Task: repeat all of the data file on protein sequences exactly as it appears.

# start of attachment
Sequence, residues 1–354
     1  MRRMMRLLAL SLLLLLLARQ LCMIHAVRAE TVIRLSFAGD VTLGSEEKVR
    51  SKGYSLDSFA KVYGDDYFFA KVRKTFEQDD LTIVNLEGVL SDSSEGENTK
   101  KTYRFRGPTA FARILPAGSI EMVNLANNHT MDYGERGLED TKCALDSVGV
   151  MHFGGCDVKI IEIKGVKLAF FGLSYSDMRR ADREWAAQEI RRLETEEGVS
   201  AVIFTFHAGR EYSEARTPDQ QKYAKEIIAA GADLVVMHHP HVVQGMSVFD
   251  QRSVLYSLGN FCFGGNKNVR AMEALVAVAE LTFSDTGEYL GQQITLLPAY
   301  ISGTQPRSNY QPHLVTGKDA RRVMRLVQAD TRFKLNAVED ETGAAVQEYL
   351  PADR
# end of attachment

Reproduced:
Sequence, residues 1–354
     1  MRRMMRLLAL SLLLLLLARQ LCMIHAVRAE TVIRLSFAGD VTLGSEEKVR
    51  SKGYSLDSFA KVYGDDYFFA KVRKTFEQDD LTIVNLEGVL SDSSEGENTK
   101  KTYRFRGPTA FARILPAGSI EMVNLANNHT MDYGERGLED TKCALDSVGV
   151  MHFGGCDVKI IEIKGVKLAF FGLSYSDMRR ADREWAAQEI RRLETEEGVS
   201  AVIFTFHAGR EYSEARTPDQ QKYAKEIIAA GADLVVMHHP HVVQGMSVFD
   251  QRSVLYSLGN FCFGGNKNVR AMEALVAVAE LTFSDTGEYL GQQITLLPAY
   301  ISGTQPRSNY QPHLVTGKDA RRVMRLVQAD TRFKLNAVED ETGAAVQEYL
   351  PADR